Results of a study published in the American Journal of Respiratory and Critical Care Medicine, a top international journal, indicate that macrolide antibiotics could prove a successful therapy in conjunction with current asthma treatment.
The study was conducted by researchers from the University of Newcastle and Hunter New England Health in collaboration with the Hunter Medical Research Institute (HMRI) Viruses, Infections/Immunity,Vaccines and Asthma (VIVA) Research Program.
Current asthma medication is focused on treating a particular cell, called an eosinophil. Increased levels of eosinophils are thought to be responsible for inflammation of the airways. However, almost half of people with asthma symptoms have normal levels of eosinophils.
“In a previous study we have shown that an inflammatory cell called the neutrophil is increased in some asthma patients and that treatments are needed to combat other types of inflammation in people with asthma,” said Dr Jodie Simpson from the University of Newcastle’s Priority Research Centre for Asthma and Respiratory Diseases. Researchers studied 45 people who had poor asthma control and were taking high daily maintenance doses of inhaled corticosteroids. In addition to their regular asthma therapy, participants received a macrolide antibiotic (called klacid) or placebo medication for eight weeks.
“In this study we have shown that treatment with a macrolide antibiotic for eight weeks significantly reduced inflammation in the airways and improved quality of life in patients with difficult asthma,” said Dr Simpson.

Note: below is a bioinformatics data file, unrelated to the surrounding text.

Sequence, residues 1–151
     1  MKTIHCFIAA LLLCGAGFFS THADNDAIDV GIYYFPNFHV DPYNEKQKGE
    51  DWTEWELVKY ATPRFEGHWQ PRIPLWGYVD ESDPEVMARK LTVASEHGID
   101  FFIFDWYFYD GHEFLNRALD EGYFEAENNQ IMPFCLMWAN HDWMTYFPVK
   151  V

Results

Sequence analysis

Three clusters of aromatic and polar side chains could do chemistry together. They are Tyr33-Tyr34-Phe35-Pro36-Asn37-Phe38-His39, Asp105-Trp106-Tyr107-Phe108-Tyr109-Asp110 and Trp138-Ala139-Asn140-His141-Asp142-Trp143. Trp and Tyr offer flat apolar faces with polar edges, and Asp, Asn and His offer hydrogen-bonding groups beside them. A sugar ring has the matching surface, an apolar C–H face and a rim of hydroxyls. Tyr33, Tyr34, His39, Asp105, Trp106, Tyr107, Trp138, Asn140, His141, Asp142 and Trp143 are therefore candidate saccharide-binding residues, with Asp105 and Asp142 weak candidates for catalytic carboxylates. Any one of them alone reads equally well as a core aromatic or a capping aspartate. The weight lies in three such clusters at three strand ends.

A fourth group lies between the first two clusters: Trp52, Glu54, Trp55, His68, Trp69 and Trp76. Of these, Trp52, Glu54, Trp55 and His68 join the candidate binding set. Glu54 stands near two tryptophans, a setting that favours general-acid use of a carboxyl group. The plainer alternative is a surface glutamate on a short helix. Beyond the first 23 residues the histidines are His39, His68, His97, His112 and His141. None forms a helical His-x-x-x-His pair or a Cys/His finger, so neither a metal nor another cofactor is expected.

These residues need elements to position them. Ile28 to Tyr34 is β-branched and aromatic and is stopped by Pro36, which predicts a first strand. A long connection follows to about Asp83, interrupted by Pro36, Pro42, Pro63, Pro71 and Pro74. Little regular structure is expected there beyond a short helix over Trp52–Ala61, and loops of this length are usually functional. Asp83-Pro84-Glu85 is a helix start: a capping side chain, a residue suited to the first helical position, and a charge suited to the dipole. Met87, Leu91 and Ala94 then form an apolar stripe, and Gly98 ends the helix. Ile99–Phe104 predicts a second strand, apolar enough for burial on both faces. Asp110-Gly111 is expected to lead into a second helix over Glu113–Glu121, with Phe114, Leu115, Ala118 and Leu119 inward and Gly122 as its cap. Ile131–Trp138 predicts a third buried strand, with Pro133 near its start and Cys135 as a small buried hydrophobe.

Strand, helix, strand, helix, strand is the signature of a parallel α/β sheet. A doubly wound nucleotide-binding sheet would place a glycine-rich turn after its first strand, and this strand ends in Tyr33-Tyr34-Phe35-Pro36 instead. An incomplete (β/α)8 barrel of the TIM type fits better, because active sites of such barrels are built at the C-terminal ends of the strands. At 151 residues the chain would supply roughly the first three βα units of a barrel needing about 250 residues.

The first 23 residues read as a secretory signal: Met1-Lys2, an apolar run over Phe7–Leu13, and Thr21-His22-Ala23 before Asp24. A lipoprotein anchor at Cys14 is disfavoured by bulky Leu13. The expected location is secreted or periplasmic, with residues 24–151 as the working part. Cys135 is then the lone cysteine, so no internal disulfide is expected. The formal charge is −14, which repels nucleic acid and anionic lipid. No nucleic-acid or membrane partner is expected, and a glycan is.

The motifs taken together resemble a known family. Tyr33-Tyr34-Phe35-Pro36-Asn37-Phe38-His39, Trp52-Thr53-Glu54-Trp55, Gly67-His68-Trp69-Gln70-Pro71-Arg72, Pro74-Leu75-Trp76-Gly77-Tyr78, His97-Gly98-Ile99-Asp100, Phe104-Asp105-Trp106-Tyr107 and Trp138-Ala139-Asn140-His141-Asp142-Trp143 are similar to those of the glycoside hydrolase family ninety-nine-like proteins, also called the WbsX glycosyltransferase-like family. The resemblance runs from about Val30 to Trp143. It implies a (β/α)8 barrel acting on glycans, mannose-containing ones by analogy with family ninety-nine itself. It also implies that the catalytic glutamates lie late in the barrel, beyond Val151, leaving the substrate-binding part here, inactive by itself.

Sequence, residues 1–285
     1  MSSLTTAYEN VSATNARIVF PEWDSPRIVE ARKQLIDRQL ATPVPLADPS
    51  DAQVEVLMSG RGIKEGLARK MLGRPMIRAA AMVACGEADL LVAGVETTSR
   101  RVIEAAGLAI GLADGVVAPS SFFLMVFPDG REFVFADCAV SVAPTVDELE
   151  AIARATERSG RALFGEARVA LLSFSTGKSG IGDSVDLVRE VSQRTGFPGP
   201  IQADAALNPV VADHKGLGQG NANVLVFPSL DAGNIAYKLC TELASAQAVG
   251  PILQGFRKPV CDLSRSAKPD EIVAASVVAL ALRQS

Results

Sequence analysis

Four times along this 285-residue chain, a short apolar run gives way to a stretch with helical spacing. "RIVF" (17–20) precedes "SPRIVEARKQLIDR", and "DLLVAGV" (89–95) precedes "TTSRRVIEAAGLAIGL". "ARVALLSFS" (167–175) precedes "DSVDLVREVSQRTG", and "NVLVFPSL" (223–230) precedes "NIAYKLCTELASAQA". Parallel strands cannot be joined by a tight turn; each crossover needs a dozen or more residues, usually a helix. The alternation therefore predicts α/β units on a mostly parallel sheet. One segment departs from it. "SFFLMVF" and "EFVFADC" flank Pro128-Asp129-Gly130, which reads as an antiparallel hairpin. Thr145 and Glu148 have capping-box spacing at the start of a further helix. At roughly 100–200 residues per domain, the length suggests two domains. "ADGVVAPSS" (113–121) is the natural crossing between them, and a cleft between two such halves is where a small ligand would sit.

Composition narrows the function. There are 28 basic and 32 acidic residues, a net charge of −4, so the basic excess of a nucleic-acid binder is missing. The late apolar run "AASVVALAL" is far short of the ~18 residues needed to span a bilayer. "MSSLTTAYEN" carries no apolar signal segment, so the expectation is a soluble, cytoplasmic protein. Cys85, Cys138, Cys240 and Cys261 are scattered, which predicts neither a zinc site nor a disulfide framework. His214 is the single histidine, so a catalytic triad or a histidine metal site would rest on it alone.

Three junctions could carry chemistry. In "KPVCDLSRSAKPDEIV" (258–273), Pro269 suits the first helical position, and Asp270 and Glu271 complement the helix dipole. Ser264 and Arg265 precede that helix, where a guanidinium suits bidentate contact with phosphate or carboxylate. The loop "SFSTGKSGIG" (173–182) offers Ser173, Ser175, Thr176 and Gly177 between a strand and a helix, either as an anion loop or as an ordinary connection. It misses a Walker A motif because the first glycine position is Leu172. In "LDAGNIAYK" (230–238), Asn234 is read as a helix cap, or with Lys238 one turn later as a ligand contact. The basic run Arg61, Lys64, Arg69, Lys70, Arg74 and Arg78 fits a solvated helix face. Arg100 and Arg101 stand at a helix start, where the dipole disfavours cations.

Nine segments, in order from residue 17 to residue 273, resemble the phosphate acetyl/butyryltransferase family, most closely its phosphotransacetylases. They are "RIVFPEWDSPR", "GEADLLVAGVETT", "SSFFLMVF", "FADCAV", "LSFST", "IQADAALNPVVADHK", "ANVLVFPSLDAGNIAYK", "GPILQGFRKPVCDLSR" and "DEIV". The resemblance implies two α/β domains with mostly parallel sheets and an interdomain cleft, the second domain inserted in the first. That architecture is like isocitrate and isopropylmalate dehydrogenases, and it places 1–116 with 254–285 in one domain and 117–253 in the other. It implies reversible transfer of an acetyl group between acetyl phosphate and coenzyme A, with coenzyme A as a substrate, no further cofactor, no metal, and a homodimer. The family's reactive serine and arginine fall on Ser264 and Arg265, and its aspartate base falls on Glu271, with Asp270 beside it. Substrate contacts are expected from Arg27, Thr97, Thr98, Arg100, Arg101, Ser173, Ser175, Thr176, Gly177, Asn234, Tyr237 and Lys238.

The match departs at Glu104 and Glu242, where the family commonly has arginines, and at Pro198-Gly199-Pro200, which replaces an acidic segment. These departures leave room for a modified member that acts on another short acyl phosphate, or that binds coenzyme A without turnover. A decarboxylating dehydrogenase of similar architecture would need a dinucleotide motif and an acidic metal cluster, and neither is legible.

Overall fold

“Patients with non-eosinophilic asthma particularly benefited from this treatment and this group of patients had the biggest response to the treatment. This treatment significantly reduced the number of neutrophils in the airway.
“This finding is significant because 5 to 10 per cent of asthma cases are considered difficult and these account for 50 per cent of asthma treatment and health care costs.”
Lauren Eyles | EurekAlert!
Organ-on-a-chip mimics heart's biomechanical properties
23.02.2017 | Vanderbilt University
Researchers identify cause of hereditary skeletal muscle disorder
22.02.2017 | Klinikum der Universität München
In the field of nanoscience, an international team of physicists with participants from Konstanz has achieved a breakthrough in understanding heat transport
Cells need to repair damaged DNA in our genes to prevent the development of cancer and other diseases. Our cells therefore activate and send “repair-proteins”...
The Fraunhofer IWS Dresden and Technische Universität Dresden inaugurated their jointly operated Center for Additive Manufacturing Dresden (AMCD) with a festive ceremony on February 7, 2017. Scientists from various disciplines perform research on materials, additive manufacturing processes and innovative technologies, which build up components in a layer by layer process. This technology opens up new horizons for component design and combinations of functions. For example during fabrication, electrical conductors and sensors are already able to be additively manufactured into components. They provide information about stress conditions of a product during operation.
The 3D-printing technology, or additive manufacturing as it is often called, has long made the step out of scientific research laboratories into industrial...
Nature does amazing things with limited design materials. Grass, for example, can support its own weight, resist strong wind loads, and recover after being...
Nanometer-scale magnetic perforated grids could create new possibilities for computing. Together with international colleagues, scientists from the Helmholtz Zentrum Dresden-Rossendorf (HZDR) have shown how a cobalt grid can be reliably programmed at room temperature. In addition they discovered that for every hole ("antidot") three magnetic states can be configured. The results have been published in the journal "Scientific Reports".
Physicist Dr. Rantej Bali from the HZDR, together with scientists from Singapore and Australia, designed a special grid structure in a thin layer of cobalt in...
13.02.2017 | Event News
10.02.2017 | Event News
09.02.2017 | Event News
24.02.2017 | Life Sciences
24.02.2017 | Life Sciences
24.02.2017 | Trade Fair News